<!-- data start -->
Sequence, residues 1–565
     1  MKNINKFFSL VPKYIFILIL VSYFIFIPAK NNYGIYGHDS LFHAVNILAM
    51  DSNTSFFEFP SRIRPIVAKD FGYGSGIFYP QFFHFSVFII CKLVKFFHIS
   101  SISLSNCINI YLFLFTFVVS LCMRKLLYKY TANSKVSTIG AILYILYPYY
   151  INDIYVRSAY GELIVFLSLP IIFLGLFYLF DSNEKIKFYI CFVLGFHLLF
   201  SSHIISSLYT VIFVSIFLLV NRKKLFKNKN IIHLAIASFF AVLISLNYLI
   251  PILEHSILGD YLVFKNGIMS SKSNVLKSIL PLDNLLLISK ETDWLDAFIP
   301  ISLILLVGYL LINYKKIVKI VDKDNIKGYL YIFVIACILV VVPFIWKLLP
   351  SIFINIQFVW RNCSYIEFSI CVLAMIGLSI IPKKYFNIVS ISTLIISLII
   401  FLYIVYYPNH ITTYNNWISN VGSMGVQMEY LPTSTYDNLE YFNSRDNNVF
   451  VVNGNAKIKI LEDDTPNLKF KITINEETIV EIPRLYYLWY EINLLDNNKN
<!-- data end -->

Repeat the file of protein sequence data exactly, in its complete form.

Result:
Sequence, residues 1–565
     1  MKNINKFFSL VPKYIFILIL VSYFIFIPAK NNYGIYGHDS LFHAVNILAM
    51  DSNTSFFEFP SRIRPIVAKD FGYGSGIFYP QFFHFSVFII CKLVKFFHIS
   101  SISLSNCINI YLFLFTFVVS LCMRKLLYKY TANSKVSTIG AILYILYPYY
   151  INDIYVRSAY GELIVFLSLP IIFLGLFYLF DSNEKIKFYI CFVLGFHLLF
   201  SSHIISSLYT VIFVSIFLLV NRKKLFKNKN IIHLAIASFF AVLISLNYLI
   251  PILEHSILGD YLVFKNGIMS SKSNVLKSIL PLDNLLLISK ETDWLDAFIP
   301  ISLILLVGYL LINYKKIVKI VDKDNIKGYL YIFVIACILV VVPFIWKLLP
   351  SIFINIQFVW RNCSYIEFSI CVLAMIGLSI IPKKYFNIVS ISTLIISLII
   401  FLYIVYYPNH ITTYNNWISN VGSMGVQMEY LPTSTYDNLE YFNSRDNNVF
   451  VVNGNAKIKI LEDDTPNLKF KITINEETIV EIPRLYYLWY EINLLDNNKN